sideburns

plural noun

side·​burns ˈsīd-ˌbərnz How to pronounce sideburns (audio)
1
2
: continuations of the hairline in front of the ears
sideburned adjective

Examples of sideburns in a Sentence

Recent Examples on the Web And at her sideburns was another, smaller spit curl. Gabi Thorne, Allure, 1 Sep. 2023 Diana’s father managed to save seven hairs from Elvis’s sideburns — putting them in the cellophane wrapping from a cigarette packet — and get the star’s autograph for his daughters back home in Little Rock. John Kelly, Washington Post, 17 July 2023 Kerwin worked on his sideburns, while McIntosh tamed the mane. Carita Rizzo, The Hollywood Reporter, 3 Dec. 2022 Zenker, who sports long, pointed sideburns and jet-black hair, could pass as a rock musician. Time, 9 Dec. 2022 Every necessary detail of the A-Team character is here, including his distinctive mohawk and sideburns. Gabi Thorne, Allure, 17 Oct. 2022 One man financed 13 surgeries, while the other draws on his sideburns. Jack Nicas Anita Pouchard Serra, New York Times, 22 Sep. 2022 Lanc, in his late forties, favors a black baseball cap, its bill just barely curved, and sports slightly bushy sideburns. Boyce Upholt, The New Republic, 19 Sep. 2022 Just look at those sideburns -- and all that leather... Andrew Torgan, CNN, 19 June 2022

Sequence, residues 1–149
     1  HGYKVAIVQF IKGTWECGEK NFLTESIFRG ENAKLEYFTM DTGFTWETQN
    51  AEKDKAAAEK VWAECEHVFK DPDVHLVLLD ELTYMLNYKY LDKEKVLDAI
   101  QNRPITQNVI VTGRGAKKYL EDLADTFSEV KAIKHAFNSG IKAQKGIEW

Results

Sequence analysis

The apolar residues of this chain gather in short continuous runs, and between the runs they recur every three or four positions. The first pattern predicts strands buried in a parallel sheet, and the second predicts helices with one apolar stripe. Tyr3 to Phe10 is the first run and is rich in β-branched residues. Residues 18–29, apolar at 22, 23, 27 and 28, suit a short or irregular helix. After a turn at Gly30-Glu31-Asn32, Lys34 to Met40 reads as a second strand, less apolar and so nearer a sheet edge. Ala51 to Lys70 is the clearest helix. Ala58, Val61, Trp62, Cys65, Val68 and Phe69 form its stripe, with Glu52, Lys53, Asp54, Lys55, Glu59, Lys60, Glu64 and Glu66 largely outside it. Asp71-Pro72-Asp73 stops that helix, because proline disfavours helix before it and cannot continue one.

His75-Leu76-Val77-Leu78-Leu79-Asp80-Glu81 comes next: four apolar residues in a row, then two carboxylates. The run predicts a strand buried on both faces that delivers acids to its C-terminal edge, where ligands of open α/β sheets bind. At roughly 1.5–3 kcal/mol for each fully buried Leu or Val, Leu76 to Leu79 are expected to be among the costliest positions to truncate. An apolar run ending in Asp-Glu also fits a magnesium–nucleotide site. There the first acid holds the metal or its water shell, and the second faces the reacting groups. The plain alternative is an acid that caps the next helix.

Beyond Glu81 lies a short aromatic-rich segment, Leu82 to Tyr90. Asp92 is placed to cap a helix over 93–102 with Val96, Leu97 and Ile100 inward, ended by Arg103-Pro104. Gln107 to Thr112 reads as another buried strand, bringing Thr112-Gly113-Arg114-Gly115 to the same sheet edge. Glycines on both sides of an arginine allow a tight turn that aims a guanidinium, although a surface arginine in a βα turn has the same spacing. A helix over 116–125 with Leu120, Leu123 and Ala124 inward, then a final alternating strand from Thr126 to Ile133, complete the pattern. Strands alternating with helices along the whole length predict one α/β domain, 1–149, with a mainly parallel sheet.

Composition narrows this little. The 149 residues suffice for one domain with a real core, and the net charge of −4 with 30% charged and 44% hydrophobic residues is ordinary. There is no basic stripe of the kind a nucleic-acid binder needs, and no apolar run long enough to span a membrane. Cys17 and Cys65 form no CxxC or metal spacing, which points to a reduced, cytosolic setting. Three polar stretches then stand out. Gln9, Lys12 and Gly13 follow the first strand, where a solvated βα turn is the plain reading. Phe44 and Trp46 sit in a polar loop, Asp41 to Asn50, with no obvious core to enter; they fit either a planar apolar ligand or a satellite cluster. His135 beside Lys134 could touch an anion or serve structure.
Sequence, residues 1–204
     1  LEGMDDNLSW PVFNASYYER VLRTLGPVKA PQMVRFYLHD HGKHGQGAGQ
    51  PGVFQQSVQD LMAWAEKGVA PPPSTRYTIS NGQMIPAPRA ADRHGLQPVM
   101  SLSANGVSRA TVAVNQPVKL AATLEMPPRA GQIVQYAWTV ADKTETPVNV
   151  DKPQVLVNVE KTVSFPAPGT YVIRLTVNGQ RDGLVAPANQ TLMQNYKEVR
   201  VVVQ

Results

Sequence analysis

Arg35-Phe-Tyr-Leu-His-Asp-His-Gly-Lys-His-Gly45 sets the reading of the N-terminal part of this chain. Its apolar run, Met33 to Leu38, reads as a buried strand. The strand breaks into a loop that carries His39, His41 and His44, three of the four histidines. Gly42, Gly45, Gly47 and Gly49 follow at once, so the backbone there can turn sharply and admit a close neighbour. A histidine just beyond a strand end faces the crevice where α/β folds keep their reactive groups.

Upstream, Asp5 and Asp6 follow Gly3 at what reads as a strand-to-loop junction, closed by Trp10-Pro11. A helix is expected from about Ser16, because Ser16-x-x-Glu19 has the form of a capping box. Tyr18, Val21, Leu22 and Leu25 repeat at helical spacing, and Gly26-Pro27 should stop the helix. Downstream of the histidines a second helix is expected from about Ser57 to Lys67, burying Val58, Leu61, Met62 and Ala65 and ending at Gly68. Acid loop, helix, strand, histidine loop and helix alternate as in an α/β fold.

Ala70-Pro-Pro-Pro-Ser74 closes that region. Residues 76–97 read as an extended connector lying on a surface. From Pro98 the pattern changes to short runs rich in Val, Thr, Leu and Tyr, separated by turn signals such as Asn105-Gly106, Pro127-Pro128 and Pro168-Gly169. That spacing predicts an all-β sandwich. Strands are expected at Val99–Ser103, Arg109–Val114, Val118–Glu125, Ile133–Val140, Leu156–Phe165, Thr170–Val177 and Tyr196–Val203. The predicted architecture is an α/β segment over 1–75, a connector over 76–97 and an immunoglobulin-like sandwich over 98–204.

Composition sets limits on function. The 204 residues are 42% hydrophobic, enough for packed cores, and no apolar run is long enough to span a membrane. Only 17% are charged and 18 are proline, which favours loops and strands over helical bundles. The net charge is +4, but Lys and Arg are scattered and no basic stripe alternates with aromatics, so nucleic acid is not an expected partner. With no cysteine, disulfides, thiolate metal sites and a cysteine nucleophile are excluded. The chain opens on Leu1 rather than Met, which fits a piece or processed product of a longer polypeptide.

These examples are programmatically compiled from various online sources to illustrate current usage of the word 'sideburns.' Any opinions expressed in the examples do not represent those of Merriam-Webster or its editors. Send us feedback about these examples.

Word History

Etymology

anagram of burnsides

First Known Use

1876, in the meaning defined at sense 1

Time Traveler
The first known use of sideburns was in 1876

Dictionary Entries Near sideburns

Cite this Entry

“Sideburns.” Merriam-Webster.com Dictionary, Merriam-Webster, https://www.merriam-webster.com/dictionary/sideburns. Accessed 19 Jun. 2024.

Kids Definition

sideburns

plural noun
side·​burns ˈsīd-ˌbərnz How to pronounce sideburns (audio)
: hair growing on the side of the face in front of the ears
Etymology

an altered form of burnsides "long whiskers at the side of the face," named for Ambrose Everett Burnside 1824–1881 American general

Word Origin
During the American Civil War, the Union general Ambrose Everett Burnside became known for the long bushy whiskers he wore on the sides of his face. Burnside was a popular figure in the city of Washington during the early days of the war. His unusual appearance caught the public eye, and other men soon began growing long whiskers like his. Such whiskers, which became the fashion throughout America, were originally called burnsides after the general. By the 1880s the order of the two words comprising burnsides was reversed to give sideburns, probably by analogy with "side-whiskers."

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